Re: [PATCH RFC LKMM 1/7] tools/memory-model: Add extra ordering for locks and remove it for ordinary release/acquire

From: Paul E. McKenney
Date: Tue Sep 11 2018 - 16:03:41 EST

On Tue, Sep 11, 2018 at 03:31:53PM -0400, Alan Stern wrote:
> On Thu, 12 Jul 2018, Paul E. McKenney wrote:
> > > > Take for instance the pattern where RCU relies on RCsc locks, this is an
> > > > entirely simple and straight forward use of locks, yet completely fails
> > > > on this subtle point.
> > >
> > > Do you happen to remember exactly where in the kernel source this
> > > occurs?
> >
> > Look for the uses of raw_spin_lock_irq_rcu_node() and friends in
> > kernel/rcu and include/linux/*rcu*, along with the explanation in
> > Documentation/RCU/Design/Memory-Ordering/Tree-RCU-Memory-Ordering.html
> I just now started looking at this for the first time, and I was struck
> by the sloppy thinking displayed in the very first paragraph of the
> HTML document! For example, consider the third sentence:
> Similarly, any code that happens before the beginning of a
> given RCU grace period is guaranteed to see the effects of all
> accesses following the end of that grace period that are within
> RCU read-side critical sections.
> Is RCU now a time machine? :-)

Why not? ;-)

> I think what you meant to write in the second and third sentences was
> something more like this:
> Any code in an RCU critical section that extends beyond the
> end of a given RCU grace period is guaranteed to see the
> effects of all accesses which were visible to the grace
> period's CPU before the start of the grace period. Similarly,
> any code that follows an RCU grace period (on the grace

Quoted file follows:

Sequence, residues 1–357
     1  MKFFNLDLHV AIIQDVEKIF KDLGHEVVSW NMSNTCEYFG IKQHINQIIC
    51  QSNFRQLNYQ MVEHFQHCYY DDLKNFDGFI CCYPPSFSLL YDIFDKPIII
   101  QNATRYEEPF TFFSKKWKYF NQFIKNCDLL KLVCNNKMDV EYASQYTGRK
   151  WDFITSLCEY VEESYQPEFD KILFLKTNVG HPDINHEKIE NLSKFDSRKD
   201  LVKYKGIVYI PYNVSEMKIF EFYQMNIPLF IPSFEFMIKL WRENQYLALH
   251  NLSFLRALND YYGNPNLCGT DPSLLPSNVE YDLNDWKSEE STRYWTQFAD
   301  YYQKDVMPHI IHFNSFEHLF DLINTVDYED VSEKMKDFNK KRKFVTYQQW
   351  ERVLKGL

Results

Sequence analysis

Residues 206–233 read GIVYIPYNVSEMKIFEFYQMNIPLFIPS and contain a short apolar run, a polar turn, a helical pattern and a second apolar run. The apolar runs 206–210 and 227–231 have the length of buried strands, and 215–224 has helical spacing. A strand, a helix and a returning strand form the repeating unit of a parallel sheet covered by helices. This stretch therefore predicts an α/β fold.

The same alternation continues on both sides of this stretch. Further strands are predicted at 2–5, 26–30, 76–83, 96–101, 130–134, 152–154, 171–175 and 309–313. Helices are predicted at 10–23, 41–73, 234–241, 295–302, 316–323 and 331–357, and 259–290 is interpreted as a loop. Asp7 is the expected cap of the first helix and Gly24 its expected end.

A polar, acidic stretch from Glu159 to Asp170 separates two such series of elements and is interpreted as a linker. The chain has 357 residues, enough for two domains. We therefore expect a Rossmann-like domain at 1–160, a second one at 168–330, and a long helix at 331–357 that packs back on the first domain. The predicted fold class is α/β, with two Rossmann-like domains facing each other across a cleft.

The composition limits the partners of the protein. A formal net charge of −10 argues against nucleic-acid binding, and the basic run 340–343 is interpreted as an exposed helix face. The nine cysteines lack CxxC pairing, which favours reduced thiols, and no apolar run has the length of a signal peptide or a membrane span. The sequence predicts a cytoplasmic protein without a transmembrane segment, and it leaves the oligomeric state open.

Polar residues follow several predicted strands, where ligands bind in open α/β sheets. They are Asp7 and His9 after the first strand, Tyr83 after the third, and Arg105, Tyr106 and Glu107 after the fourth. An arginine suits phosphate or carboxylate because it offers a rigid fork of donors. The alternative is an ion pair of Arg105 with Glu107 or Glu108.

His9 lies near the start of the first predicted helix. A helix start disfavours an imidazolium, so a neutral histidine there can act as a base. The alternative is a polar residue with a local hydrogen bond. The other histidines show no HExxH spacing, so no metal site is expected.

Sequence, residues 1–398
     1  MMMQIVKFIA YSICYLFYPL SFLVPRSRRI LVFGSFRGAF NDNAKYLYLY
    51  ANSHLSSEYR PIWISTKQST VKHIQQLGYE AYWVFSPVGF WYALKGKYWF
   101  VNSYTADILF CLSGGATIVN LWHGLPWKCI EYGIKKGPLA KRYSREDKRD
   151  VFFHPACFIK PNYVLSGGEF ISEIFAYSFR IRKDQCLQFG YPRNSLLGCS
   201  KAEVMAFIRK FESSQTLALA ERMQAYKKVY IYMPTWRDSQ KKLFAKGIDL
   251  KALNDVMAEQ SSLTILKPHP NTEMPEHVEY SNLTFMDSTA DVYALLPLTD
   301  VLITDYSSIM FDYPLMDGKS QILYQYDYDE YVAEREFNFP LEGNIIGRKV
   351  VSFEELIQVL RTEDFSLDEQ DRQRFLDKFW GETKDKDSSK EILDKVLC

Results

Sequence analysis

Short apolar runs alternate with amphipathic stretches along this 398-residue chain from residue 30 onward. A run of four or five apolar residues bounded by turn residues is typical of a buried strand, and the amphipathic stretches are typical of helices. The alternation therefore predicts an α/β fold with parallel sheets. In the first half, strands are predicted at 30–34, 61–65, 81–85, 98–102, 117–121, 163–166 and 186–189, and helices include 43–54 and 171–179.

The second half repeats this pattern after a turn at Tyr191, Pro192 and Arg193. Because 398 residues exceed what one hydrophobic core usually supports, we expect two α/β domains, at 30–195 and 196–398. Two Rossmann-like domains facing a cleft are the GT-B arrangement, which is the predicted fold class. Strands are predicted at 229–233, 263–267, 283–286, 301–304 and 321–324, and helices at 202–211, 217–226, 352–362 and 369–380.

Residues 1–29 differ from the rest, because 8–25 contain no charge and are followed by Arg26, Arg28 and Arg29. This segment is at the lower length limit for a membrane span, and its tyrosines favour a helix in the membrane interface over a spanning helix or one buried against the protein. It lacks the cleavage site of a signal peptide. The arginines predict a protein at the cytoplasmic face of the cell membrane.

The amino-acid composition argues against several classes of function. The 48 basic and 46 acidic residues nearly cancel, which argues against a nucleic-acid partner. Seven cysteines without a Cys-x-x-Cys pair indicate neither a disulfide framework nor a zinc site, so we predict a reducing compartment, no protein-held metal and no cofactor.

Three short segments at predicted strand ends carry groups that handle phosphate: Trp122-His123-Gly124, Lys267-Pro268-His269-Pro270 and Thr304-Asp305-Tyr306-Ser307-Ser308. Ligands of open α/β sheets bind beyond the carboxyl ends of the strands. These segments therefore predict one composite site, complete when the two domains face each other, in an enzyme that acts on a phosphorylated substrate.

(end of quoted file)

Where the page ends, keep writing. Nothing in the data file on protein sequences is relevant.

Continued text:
> period's CPU) is guaranteed to see the effects of all accesses
> which were visible to an RCU critical section that began
> before the start of the grace period.

That looks to me to be an improvement, other than that the "(on the
grace period's CPU)" seems a bit restrictive -- you could for example
have a release-acquire chain starting after the grace period, right?

> Also, the document doesn't seem to explain how Tree RCU relies on the
> lock-ordering guarantees of raw_spin_lock_rcu_node() and friends. It
> _says_ that these guarantees are used, but not how or where. (Unless I
> missed something; I didn't read the document all that carefully.)

The closest is this sentence: "But the only part of rcu_prepare_for_idle()
that really matters for this discussion are lines 37â39", which
refers to this code:

37 raw_spin_lock_rcu_node(rnp);
38 needwake = rcu_accelerate_cbs(rsp, rnp, rdp);
39 raw_spin_unlock_rcu_node(rnp);

I could add a sentence explaining the importance of the
smp_mb__after_unlock_lock() -- is that what you are getting at?

> In any case, you should bear in mind that the lock ordering provided by
> Peter's raw_spin_lock_rcu_node() and friends is not the same as what we
> have been discussing for the LKMM:
> Peter's routines are meant for the case where you release
> one lock and then acquire another (for example, locks in
> two different levels of the RCU tree).
> The LKMM patch applies only to cases where one CPU releases
> a lock and then that CPU or another acquires the _same_ lock
> again.
> As another difference, the litmus test given near the start of the
> "Tree RCU Grace Period Memory Ordering Building Blocks" section would
> not be forbidden by the LKMM, even with RCtso locks, if it didn't use
> raw_spin_lock_rcu_node(). This is because the litmus test is forbidden
> only when locks are RCsc, which is what raw_spin_lock_rcu_node()
> provides.


> So I don't see how the RCU code can be held up as an example either for
> or against requiring locks to be RCtso.

Agreed again. The use of smp_mb__after_unlock_lock() instead
provides RCsc. But this use case is deemed sufficiently rare that
smp_mb__after_unlock_lock() is defined within RCU.

Thanx, Paul